Naturalism, Conventionalism, and Forms of Life: Wittgenstein and the "Cratylus"

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Paul M Livingston


I consider Plato’s argument, in the dialogue Cratylus, against both of two opposed views of the “correctness of names.” The first is a conventionalist view, according to which this relationship is arbitrary, the product of a free inaugural decision made at the moment of the first institution of names. The second is a naturalist view, according to which the correctness of names is initially fixed and subsequently maintained by some kind of natural assignment, rooted in the things themselves. I argue that: 1) Plato’s critical challenge to both views anticipates considerations introduced by Wittgenstein in the Philosophical Investigations’ consideration of rules and rule-following; 2) Understanding Plato’s appeal to the “form” [eidos] of a thing in resolving the problems of both views helps to explicate Wittgenstein’s own appeal to “forms of life” as the “given” ground of linguistic practice; and 3) We should not understand the grounding of language in form-of-life either as a (conventionalist) basis in the plural practices of different communities, or as a biological/anthropological basis in the specific nature of the human organism. Rather, it points to an autonomous dimension of form, which articulates the relationship between language and life as it relates to the possibility of truth.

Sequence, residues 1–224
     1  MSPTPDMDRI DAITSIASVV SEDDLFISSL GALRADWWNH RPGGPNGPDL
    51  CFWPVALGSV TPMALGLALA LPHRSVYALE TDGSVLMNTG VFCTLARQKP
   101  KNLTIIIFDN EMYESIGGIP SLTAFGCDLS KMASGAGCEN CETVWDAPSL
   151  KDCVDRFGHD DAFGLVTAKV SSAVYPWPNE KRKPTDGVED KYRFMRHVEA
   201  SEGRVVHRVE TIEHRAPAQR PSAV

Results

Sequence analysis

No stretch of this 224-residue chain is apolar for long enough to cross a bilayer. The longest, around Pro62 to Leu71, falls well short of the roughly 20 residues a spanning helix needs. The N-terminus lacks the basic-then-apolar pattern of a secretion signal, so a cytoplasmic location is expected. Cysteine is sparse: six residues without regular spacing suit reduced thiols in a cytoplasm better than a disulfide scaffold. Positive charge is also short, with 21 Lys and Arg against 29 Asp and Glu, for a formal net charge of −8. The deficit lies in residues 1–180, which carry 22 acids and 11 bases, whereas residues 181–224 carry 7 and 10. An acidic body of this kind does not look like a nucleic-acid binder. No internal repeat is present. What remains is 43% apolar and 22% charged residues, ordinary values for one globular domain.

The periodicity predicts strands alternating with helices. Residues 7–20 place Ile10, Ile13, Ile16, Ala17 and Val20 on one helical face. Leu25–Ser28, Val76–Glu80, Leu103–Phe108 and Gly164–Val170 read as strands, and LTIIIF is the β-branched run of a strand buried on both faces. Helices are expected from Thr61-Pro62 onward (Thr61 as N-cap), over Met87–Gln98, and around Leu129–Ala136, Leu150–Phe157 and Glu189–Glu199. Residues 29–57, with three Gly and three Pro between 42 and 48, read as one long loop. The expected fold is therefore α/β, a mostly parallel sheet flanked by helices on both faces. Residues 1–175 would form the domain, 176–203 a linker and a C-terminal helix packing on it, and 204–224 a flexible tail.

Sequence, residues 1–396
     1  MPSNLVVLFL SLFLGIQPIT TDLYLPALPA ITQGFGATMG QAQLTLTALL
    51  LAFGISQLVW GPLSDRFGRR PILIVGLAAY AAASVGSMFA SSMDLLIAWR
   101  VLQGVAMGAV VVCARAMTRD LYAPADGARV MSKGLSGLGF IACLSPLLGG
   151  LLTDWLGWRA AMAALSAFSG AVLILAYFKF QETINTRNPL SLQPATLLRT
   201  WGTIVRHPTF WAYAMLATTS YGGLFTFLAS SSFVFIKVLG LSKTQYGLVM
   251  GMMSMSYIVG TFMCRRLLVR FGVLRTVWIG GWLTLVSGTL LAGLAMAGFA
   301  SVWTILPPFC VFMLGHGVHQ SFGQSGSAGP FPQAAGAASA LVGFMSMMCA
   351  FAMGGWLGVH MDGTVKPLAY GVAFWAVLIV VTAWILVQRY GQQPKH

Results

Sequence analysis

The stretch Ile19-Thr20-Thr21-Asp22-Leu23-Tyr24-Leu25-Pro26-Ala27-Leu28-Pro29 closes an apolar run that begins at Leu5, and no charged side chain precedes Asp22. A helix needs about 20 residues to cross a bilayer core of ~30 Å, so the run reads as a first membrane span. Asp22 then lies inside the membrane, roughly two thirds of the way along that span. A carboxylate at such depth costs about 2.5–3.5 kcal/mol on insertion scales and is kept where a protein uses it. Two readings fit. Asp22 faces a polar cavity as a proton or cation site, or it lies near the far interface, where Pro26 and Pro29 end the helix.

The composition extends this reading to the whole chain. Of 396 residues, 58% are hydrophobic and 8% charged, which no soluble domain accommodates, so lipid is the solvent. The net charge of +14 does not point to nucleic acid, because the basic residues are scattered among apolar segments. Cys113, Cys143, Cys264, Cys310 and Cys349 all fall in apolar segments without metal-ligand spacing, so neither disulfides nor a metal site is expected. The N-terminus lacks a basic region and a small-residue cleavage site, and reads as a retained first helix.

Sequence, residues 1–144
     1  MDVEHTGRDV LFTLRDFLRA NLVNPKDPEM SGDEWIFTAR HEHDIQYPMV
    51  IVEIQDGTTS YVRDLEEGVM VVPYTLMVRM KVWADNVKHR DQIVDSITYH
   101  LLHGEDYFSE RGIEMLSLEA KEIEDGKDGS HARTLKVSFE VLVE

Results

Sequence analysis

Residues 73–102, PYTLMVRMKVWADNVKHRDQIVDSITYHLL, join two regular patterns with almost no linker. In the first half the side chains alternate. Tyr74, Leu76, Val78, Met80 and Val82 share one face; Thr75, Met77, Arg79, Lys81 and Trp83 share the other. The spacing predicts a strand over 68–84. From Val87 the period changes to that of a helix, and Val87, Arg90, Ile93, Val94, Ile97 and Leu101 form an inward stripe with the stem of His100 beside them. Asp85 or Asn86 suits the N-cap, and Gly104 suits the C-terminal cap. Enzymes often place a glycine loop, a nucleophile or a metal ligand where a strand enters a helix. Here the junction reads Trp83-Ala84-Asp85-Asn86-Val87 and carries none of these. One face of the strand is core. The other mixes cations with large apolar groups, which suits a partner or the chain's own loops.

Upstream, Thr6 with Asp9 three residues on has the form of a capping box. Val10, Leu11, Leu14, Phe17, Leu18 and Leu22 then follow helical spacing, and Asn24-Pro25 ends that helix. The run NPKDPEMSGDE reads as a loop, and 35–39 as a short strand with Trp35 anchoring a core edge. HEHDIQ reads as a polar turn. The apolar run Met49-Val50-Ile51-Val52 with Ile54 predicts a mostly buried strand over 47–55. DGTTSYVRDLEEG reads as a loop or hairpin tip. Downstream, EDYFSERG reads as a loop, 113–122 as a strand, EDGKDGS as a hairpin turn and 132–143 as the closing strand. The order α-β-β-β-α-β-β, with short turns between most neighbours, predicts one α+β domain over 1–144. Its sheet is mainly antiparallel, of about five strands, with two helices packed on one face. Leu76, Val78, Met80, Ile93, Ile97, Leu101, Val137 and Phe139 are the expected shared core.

Invited Paper
Author Biography

Paul M Livingston, University of New Mexico

Paul Livingston is Associate Professor of Philosophy at the University of New Mexico. He has published widely on the history of twentieth century philosophy and topics in contemporary analytic and continental philosophy. He is the sole author of three books; the most recent of these, The Politics of Logic: Badiou, Wittgenstein, and the Consequences of Formalism (Routledge, 2012), considers the implications of formalism and formal structures for contemporary thought about politics, social organization, and the possibility of radical change. His book, The Logic of Being: Realism, Truth, and Time, which investigates the relationship of truth and time from a perspective informed by Heidegger’s ontological project, drawing also on the work of Frege, Tarski, Davidson, and Dummett, will be published by Northwestern University Press in 2016 or 2017. He is also working on an ongoing project (of which this paper is a part) on parallels and connections between Plato and Wittgenstein.


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